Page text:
Dental Crowns: Purpose, Procedure, Complications, Care

Dental crowns are one of the most commonly performed procedures in the dental office. They are tooth-shaped caps that are placed on decayed or damaged teeth to retain their structural and functional integrity. Dental crowns may be made from metals like gold or stainless steel, or tooth-colored ceramics like porcelain. Once cemented into place, the dental crown completely encases the tooth and help restores the appearance, strength and function of the tooth.


When is a Dental Crown Needed?


  • In teeth with large fillings or after a root canal procedure, the structural strength of a tooth is greatly compromised. Placing a dental crown on such a tooth helps protect it from potential fracture.


  • Dental crowns are used as part of the framework in a dental bridge. The artificial tooth in a dental bridge is suspended between dental crowns on either side of it. These dental crowns are cemented onto the abutment teeth adjacent to the missing tooth.


  • Teeth that are discoloured, stained or misshapen, and cannot be fixed with teeth whitening or dental veneers, can be restored with porcelain dental crowns. 


  • A cracked or broken tooth that is still vital can be held together in place with the help of a dental crown. 


  • Dental crowns make up an important part of the dental implant framework and take the place of the missing tooth in the mouth during the dental implant procedure.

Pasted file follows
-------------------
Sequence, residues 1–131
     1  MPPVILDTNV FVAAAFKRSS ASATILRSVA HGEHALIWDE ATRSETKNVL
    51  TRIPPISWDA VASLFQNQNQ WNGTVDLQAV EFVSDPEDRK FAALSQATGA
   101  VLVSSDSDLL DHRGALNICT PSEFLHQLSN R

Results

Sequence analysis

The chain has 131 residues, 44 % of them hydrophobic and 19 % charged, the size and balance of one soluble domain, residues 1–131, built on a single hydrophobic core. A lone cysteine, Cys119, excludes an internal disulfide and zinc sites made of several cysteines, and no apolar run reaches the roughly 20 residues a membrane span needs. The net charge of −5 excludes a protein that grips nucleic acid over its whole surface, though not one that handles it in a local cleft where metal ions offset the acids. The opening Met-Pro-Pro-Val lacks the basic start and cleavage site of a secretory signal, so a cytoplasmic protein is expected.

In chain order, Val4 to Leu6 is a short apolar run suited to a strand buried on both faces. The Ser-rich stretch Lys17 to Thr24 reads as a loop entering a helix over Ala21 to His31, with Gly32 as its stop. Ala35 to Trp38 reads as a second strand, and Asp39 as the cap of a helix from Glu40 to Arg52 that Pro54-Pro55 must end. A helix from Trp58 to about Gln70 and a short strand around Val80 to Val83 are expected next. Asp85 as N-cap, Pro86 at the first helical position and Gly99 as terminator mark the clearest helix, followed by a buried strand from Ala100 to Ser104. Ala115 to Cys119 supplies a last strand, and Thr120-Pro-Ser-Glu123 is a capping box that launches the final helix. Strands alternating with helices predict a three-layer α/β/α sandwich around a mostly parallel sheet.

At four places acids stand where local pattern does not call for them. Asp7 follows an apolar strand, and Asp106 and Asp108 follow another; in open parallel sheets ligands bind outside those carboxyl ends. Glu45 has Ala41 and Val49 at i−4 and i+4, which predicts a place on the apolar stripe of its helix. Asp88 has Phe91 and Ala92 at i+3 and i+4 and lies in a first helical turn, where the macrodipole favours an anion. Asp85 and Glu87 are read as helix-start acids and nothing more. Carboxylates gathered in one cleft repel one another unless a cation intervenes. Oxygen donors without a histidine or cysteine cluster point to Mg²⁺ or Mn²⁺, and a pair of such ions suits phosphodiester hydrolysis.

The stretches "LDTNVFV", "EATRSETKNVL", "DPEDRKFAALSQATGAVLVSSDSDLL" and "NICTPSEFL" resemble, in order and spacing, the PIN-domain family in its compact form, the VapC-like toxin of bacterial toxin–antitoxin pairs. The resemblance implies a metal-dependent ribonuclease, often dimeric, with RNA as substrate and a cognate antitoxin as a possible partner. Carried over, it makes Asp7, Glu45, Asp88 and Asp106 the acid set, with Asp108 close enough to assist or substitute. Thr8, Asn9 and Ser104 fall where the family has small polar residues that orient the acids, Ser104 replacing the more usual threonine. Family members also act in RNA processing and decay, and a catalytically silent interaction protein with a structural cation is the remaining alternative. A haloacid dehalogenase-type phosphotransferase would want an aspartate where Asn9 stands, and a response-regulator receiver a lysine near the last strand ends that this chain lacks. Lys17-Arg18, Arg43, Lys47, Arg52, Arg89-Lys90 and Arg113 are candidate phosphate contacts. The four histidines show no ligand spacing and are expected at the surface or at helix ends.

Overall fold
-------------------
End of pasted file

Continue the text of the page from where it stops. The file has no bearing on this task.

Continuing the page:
• Stainless steel dental crowns are also given in primary teeth of children that have been affected by decay or damage. This is done to prevent the premature loss of primary teeth, which can affect the timely eruption of permanent teeth and cause misalignment problems in the future. 

How is the Dental Crown Procedure Done?


The procedure for getting a dental crown is a simple one that usually does not extend beyond 2-3 appointments. Once the tooth has been treated for any decay or damage it might have, the outer enamel layer of the tooth is trimmed down. This is done to make room for the dental crown that will be placed on it. Most teeth getting a dental crown are first treated with root canal procedure. 


The amount of enamel removed from the tooth depends on the kind of dental crown being used. Metal crowns made from stainless steel are sturdier and can be made very thin. For this reason, teeth receiving metal crowns do not need to be trimmed down as much as those that receive porcelain or porcelain-fused-to-metal crowns. Porcelain crowns are made thicker than metal crowns to make them stronger; due to this, teeth prepared for porcelain crowns are trimmed down much more to accommodate the dental crown. 


After the tooth preparation, the dentist takes an impression of the tooth and sends it to the dental laboratory for fabrication. A temporary dental crown is placed onto the tooth for about a couple of weeks till the permanent dental crown arrives from the laboratory. The temporary crown protects the tooth from sensitivity and potential fracture before it can be restored with a permanent crown.